The findings of increased gender nonconformity/gender diversity and sexual diversity in autistic people have clinical implications (e.g., Strang et al., 2018). Clinicians who work in gender specialty services should screen for autism and/or autistic characteristics, and those clinicians working with autistic youth should be aware of gender and sexual diversity and should have open conversations about these topics (Strang et al., 2018). It is also important to recognize that gender diversity and sexual diversity might each be disproportionately associated with higher rates of mental health challenges (e.g., Marshal et al., 2011; van der Miesen et al., 2018b). Further, initial findings suggest that being both autistic and gender or sexually diverse might be associated with elevated vulnerability for mental health challenges (e.g., van der Miesen et al., 2018b). Clinicians working with autistic gender and sexually diverse youth should, therefore, be attuned to mental health challenges and the health care needs of the individuals within these layered minority groups.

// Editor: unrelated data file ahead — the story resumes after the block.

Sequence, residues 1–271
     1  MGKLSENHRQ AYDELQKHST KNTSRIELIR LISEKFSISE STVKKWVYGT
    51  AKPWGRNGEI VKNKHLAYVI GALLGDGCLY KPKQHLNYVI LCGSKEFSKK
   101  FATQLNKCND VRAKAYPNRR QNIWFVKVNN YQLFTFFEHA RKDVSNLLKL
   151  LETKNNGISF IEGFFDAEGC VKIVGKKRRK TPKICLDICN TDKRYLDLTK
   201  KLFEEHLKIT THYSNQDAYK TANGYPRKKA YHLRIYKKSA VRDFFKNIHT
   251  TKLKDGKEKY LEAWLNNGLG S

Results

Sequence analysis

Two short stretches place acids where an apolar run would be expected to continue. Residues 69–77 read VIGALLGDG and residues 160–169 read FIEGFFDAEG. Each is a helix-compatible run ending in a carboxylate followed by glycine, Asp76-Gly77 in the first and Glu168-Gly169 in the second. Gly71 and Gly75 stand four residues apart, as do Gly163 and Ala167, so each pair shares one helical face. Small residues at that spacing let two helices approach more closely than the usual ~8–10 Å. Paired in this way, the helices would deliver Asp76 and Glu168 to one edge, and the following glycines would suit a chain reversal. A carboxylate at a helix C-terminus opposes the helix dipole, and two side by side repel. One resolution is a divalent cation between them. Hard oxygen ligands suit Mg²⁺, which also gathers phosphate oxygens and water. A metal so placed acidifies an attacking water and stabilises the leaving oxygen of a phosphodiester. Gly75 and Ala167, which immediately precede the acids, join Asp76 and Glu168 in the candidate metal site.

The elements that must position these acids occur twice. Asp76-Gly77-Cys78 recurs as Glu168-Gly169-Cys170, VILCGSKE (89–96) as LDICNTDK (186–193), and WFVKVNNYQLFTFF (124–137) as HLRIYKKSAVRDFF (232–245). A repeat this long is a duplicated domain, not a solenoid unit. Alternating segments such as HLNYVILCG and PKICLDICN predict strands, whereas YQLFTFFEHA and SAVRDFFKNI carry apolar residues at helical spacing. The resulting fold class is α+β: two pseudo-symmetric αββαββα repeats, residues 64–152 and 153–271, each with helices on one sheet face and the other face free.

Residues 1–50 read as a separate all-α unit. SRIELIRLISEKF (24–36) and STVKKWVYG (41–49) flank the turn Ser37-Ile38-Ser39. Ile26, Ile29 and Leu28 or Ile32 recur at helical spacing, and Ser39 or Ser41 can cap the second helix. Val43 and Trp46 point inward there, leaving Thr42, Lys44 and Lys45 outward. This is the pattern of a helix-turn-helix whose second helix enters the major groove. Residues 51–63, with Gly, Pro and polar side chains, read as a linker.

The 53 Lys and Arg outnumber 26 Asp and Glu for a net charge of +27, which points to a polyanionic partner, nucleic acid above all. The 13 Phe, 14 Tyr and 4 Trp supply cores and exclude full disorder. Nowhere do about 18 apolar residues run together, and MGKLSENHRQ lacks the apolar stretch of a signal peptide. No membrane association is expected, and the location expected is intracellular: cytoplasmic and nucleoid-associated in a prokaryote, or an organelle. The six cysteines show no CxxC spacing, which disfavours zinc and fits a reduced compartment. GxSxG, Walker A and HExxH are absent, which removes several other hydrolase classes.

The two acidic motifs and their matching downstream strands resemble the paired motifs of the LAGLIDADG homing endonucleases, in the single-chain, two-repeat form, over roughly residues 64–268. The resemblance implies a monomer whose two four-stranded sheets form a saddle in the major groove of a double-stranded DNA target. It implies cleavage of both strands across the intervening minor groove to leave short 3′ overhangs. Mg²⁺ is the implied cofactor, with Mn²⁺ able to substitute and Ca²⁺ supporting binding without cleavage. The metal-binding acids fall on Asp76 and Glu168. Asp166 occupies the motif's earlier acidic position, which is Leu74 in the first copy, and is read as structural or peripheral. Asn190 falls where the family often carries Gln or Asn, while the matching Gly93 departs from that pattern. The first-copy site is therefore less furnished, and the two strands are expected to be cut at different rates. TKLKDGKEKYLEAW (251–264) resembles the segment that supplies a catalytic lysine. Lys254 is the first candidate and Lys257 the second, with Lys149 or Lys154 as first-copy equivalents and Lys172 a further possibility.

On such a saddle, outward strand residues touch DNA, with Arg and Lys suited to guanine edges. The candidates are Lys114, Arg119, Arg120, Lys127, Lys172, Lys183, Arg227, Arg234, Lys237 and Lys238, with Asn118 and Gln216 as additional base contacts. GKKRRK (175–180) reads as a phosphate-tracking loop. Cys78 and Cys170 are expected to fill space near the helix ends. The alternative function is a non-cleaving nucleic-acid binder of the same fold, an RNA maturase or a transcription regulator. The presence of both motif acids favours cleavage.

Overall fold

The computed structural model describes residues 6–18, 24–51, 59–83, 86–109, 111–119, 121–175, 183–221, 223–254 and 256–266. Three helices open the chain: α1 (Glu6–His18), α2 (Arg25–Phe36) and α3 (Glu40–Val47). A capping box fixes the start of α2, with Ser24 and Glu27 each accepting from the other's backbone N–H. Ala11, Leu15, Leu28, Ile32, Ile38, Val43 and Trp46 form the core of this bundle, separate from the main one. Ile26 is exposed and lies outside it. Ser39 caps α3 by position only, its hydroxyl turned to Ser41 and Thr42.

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Choukas-Bradley, S., Thoma, B.C. (2022). Mental Health Among LGBT Youth. In: VanderLaan, D.P., Wong, W.I. (eds) Gender and Sexuality Development. Focus on Sexuality Research. Springer, Cham. https://doi.org/10.1007/978-3-030-84273-4_18